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05-29-2008, 09:11 AM
  #26
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Originally Posted by Gaebriel View Post
You have evidence to back this up? I see this opinion being thrown around all the time, but never any evidence based justification. There are plenty of players throughout history that have made the jump and done well, and plenty who haven't. I'm not sure you could even find any evidence to support that claim as you'd have to somehow look into an alternate version of reality to see if a player did better in the other situation. Sounds like nothing more than another perpetuated sports myth. The only reasonable thing you could say is that it depends on the player, but ultimately that's somewhat of a uselessly obvious statement.

It's also amusing to me when the same people praise young players for playing in junior leagues way above their age. Wasn't Frolik one of those? Clearly his 'growth' was permanently stunted.
Usually unless they are phenoms(like Crosby & Ovechkin) a prospects development is really slowed if they are brought up to play on a team that is not playing well. They are counted on more and that really gets in their heads when they are counted on and don't produce. And I am talking about wins also and not just points.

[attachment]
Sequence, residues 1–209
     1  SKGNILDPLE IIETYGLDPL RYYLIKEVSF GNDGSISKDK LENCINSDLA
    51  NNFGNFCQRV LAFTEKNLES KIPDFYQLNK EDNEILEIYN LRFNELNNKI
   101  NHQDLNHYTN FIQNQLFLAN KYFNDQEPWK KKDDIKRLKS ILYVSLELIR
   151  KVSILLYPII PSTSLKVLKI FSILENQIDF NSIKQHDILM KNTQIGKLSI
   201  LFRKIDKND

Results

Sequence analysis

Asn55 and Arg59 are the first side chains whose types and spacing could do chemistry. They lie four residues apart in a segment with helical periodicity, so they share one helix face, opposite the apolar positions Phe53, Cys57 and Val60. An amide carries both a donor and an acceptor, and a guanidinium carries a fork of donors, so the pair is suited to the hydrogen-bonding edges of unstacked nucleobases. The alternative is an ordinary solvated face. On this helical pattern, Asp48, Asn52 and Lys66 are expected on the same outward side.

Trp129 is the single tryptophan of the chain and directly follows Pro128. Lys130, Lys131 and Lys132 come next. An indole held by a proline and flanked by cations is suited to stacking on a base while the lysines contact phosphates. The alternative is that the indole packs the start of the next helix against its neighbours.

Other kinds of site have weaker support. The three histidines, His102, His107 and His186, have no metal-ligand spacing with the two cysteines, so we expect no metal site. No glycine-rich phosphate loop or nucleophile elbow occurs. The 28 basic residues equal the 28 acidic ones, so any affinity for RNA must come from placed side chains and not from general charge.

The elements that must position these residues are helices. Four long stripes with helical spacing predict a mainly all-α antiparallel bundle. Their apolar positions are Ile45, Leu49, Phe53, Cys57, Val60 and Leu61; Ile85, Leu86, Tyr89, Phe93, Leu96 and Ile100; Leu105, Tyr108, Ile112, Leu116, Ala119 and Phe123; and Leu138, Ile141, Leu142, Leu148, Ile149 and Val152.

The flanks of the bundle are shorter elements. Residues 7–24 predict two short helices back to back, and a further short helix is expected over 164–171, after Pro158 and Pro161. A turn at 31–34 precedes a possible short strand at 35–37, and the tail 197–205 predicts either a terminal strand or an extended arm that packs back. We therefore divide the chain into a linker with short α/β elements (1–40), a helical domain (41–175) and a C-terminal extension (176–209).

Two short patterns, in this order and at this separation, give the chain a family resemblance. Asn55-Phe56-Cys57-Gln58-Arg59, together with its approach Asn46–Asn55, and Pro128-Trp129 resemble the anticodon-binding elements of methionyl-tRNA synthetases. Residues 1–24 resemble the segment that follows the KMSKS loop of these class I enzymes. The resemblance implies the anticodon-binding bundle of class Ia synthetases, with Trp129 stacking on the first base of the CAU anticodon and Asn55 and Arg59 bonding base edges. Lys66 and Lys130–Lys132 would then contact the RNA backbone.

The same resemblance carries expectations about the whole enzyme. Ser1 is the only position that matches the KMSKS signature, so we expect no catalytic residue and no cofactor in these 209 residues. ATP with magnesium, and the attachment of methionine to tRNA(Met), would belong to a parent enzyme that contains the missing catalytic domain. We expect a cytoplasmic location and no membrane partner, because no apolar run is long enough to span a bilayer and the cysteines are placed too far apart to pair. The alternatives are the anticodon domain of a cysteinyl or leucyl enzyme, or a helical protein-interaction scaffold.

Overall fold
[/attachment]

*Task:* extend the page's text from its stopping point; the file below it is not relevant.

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05-29-2008, 09:14 AM
  #27
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Originally Posted by SPG View Post
No, Frolik was not an overager in junior last year.
Frolik was strongly hyped at the start of last season, then saw his stock fall after a mediocre season in the Czech Elite League. Loaded with talent and offensive creativity, the shifty, versatile Czech forward has incredible offensive upside, and has often seen his skill set compared favorably with Jaromir Jagr. Frolik decided to come to North America this fall, and he will suit up for the young, talented Rimouski Oceanic squad in the QMJHL. He will see quality minutes and be able to adapt to the North American game early in his career. He played as a boy amongst men for the past two seasons, and thus his experiences in the Czech league should help make for an easy transition with Rimouski. The sky is the limit for Frolik offensively, however one must be cautious not to over-hype him.